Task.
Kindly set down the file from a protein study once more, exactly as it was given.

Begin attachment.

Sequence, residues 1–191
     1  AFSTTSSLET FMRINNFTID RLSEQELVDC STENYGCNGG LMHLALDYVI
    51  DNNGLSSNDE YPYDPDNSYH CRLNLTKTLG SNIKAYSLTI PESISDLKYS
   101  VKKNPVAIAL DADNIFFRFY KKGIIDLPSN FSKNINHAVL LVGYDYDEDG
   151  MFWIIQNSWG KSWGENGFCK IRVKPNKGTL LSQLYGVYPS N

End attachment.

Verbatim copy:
Sequence, residues 1–191
     1  AFSTTSSLET FMRINNFTID RLSEQELVDC STENYGCNGG LMHLALDYVI
    51  DNNGLSSNDE YPYDPDNSYH CRLNLTKTLG SNIKAYSLTI PESISDLKYS
   101  VKKNPVAIAL DADNIFFRFY KKGIIDLPSN FSKNINHAVL LVGYDYDEDG
   151  MFWIIQNSWG KSWGENGFCK IRVKPNKGTL LSQLYGVYPS N